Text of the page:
Due to the swift spread of the Rapid ‘Ōhi‘a Death (ROD) disease - a fungus that effects the ‘Ōhi‘a tree (the most abundant native tree in the whole state of Hawaii) - there has been an increase in safety precautions across the Hawaiian islands.


One of the most common ways to stop the spread of ROD is the use of shoe-cleaning stations (like the one in the photo below) that come with bottles of isopropyl alcohol. According to scientists in Hawaii, the use of 70% isopropyl alcohol kills the pathogens that cause ROD. That is why there has been a movement to put bottles of the alcohol at major trailheads - including ones frequented heavily by tourists.


Besides spraying the soles of your shoes right after hiking, it is also recommended that you use the boot brushes that are also commonly found at major hiking trailheads to get rid of excess dirt and possible contaminants. By following these basic safety precautions, you can do your part to stop the spread of the fungus - which, unfortunately, has already killed over 185,000 acres of native forest on the Big Island of Hawaii alone.










7 | Do Your Part to Take Care of the Islands' Plants and Animals


Over 90% of the animals found on the Hawaiian Islands are endemic - meaning they are ONLY found there (except maybe in a few zoos). Because of this, it is very important to make sure you are doing your part to protect the island's unique species.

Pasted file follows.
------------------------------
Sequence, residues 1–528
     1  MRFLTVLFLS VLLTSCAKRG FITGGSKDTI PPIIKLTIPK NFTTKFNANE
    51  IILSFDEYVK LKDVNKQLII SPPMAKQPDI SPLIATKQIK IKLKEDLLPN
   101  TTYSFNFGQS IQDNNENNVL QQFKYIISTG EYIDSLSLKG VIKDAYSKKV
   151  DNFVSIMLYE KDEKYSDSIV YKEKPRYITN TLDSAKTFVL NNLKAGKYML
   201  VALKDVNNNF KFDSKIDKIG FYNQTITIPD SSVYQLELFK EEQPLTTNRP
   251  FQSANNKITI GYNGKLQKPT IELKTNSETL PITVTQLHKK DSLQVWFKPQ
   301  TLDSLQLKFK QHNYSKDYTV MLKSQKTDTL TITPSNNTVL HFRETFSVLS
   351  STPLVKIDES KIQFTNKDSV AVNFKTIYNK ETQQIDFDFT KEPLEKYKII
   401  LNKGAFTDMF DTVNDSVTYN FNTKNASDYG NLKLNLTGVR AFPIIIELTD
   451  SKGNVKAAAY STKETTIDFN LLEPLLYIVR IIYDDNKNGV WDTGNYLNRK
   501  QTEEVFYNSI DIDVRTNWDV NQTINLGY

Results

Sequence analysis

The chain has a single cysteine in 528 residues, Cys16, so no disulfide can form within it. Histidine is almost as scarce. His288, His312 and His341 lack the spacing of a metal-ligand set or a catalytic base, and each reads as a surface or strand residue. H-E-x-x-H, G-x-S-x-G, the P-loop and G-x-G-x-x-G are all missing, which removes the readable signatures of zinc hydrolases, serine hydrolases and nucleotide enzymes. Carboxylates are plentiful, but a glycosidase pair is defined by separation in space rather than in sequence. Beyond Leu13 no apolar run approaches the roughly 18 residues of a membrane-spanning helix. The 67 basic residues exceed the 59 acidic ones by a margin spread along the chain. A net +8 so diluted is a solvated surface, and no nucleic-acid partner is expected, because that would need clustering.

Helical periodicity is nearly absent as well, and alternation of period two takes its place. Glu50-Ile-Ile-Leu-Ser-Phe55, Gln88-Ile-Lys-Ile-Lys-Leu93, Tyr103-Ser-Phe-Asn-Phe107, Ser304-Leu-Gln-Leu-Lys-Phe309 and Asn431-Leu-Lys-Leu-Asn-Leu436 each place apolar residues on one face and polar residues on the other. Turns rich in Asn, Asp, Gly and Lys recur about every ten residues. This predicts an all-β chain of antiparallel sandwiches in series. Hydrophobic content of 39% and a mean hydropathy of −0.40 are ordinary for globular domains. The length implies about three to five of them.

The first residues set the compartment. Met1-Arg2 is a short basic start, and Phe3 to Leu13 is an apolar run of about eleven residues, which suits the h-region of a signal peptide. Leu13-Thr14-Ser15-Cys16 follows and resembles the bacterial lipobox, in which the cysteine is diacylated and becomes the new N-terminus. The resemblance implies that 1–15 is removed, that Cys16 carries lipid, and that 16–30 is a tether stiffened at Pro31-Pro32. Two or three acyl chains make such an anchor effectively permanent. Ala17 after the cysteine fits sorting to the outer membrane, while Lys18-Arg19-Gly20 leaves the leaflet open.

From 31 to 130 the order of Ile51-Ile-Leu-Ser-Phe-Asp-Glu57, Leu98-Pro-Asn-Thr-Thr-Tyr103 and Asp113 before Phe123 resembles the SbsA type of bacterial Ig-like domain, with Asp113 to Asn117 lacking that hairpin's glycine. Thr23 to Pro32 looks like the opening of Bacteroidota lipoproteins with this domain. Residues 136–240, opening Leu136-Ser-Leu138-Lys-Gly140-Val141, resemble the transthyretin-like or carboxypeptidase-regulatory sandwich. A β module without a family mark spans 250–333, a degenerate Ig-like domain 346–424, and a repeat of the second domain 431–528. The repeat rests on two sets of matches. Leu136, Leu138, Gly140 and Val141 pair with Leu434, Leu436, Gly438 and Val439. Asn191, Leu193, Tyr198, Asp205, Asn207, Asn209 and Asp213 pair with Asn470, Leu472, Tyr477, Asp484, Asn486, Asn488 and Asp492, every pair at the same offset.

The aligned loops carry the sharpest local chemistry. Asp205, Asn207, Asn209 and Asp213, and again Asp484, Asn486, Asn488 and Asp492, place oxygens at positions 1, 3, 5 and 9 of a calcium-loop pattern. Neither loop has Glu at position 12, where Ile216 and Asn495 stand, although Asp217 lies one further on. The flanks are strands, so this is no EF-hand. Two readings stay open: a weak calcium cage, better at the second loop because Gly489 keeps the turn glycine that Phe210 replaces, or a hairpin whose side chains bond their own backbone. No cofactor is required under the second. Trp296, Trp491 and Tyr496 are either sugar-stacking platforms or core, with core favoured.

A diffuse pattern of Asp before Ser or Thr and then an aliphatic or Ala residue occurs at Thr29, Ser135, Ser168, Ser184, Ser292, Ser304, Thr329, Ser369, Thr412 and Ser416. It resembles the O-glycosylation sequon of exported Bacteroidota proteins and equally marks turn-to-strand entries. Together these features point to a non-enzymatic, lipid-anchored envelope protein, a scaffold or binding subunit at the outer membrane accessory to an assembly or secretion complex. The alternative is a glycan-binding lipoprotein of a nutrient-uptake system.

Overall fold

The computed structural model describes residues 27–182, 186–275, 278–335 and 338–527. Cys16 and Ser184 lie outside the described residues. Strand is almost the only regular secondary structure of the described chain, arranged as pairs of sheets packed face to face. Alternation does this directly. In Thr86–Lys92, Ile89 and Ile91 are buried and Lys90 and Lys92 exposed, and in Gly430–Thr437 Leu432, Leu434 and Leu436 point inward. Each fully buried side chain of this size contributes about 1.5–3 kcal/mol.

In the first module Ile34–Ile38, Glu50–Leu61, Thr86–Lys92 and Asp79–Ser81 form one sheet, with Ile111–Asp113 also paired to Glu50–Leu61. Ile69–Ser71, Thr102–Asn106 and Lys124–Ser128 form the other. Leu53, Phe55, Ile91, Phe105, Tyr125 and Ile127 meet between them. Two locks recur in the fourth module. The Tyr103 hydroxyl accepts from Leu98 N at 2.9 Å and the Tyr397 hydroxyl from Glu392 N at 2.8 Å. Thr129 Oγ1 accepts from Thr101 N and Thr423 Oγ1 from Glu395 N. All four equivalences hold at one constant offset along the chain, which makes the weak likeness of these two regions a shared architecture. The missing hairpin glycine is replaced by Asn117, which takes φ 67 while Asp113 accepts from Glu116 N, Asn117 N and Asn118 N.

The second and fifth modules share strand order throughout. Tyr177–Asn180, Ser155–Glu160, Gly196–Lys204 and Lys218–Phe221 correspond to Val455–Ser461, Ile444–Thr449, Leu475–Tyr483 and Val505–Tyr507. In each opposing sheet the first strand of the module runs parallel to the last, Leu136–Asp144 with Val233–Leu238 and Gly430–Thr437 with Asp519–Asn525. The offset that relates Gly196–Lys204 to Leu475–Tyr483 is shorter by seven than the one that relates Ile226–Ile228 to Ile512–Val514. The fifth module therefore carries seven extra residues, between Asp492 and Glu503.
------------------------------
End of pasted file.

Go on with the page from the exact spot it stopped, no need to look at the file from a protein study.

❔ GOOD TO KNOW: want to know a crazy (and pretty sad) fact? Since the arrival of humans in Hawaii, 28 bird species and at least 10% of the native plant species have gone extinct. And today, over a quarter of Hawaii's native species are on the endangered species list.


Over the years, invasive species (meaning animals and plants not native to the island - aka species brought to the islands by humans) have caused widespread damage. While you could write a book about the negative impacts caused by the various invasive species - from pigs to stinging red ants to mongooses - we instead are focusing on how you as a traveler can do your part to protect the animals and plants that presently call the islands home.




TWO WAYS TO HELP PROTECT HAWAII'S ANIMALS & PLANTS


1 | Always looking out for animals while driving. This means you follow the posted speed limits and slow down in areas where various wildlife often frequents (like the highly endangered nēnē, a large flightless goose). Also, take extra precautions when driving in places where signs are posted warning you of possible wildlife crossings. In these areas you will likely need to be even more aware of your surroundings - especially during dusk and dawn when animals are usually more active.


Likewise, if possible, try to not drive at night for this is when some animals are more active and also when it is tougher to avoid possible animal collisions. On the Big Island in particular, driving at night can be incredibly dangerous due to the insanely high number of wild goats. The medium-sized mammals, which are often seen munching on grass near major highways, can cause some very real damage to your vehicle if hit (this will also likely kill the goat). If you do have to drive at night, definitely follow the speed limits and stay aware of disturbances near the roadside.